Flinders University has begun developing a tiny fibre-optic sensor that has the potential to save lives in not only open heart surgery but for pre-term babies as well.
The new micro-medical device goes against the grain of traditional methods used to monitor blood flow, that is often considered as dangerous. The continuous cardiac flow monitoring probe is described as a safe way to give a real-time measurement of blood flow.
“The minimally invasive device is suitable for neonates right through to adults,” said research leader Strategic Professor John Arkwright, an expert in using fibre-optic technologies in medical diagnostics.
He added that the device has the potential to be a game-changer, particularly for young babies, who are susceptible to sudden drops in blood pressure and oxygen delivery to their vital organs.
Neonatal expert and co-investigator Dr Scott Morris, from the Flinders Medical Centre Neonatal Unit and Flinders University College of Medicine and Public Health supports the latest development.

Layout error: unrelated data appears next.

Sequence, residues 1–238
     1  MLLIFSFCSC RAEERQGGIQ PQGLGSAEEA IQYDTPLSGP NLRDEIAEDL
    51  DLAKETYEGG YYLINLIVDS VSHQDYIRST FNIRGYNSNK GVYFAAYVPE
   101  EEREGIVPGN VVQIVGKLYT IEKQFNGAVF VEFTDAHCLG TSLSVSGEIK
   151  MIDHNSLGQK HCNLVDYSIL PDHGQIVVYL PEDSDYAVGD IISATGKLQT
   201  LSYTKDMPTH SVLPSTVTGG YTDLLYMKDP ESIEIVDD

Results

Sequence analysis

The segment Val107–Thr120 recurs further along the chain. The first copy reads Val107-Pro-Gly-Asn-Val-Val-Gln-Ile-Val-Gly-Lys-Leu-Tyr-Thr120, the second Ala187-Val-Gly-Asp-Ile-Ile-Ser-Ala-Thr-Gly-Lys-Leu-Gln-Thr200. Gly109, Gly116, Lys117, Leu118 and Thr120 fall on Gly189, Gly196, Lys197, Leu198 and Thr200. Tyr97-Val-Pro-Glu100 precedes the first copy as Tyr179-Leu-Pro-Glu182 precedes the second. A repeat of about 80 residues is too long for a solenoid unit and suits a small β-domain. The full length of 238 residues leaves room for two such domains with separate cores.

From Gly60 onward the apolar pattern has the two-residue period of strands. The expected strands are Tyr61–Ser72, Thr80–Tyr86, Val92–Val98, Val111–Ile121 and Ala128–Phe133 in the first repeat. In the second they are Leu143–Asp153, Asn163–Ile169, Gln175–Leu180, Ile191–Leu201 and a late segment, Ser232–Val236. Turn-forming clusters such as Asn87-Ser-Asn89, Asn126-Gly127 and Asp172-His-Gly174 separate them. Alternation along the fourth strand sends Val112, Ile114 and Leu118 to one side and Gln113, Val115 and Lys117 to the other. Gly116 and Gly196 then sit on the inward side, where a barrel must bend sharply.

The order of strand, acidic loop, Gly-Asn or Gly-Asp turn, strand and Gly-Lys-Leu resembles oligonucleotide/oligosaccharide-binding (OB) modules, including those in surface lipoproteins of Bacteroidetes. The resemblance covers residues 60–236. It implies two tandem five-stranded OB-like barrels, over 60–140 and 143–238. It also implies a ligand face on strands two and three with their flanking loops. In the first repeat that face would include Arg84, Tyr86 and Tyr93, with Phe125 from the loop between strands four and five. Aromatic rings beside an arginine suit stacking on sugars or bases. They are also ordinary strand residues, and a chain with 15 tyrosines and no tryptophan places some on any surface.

“This tiny device, which could even be used in pre-term infants, has the potential to be far superior to the intermittent measure of averaged blood flow delivered by traditional methods which generally only show time averaged flow every 30 minutes or so,” he said.
The research team must now determine how the sensor will behave under more physiological conditions and examine different encapsulations to comply with human safety.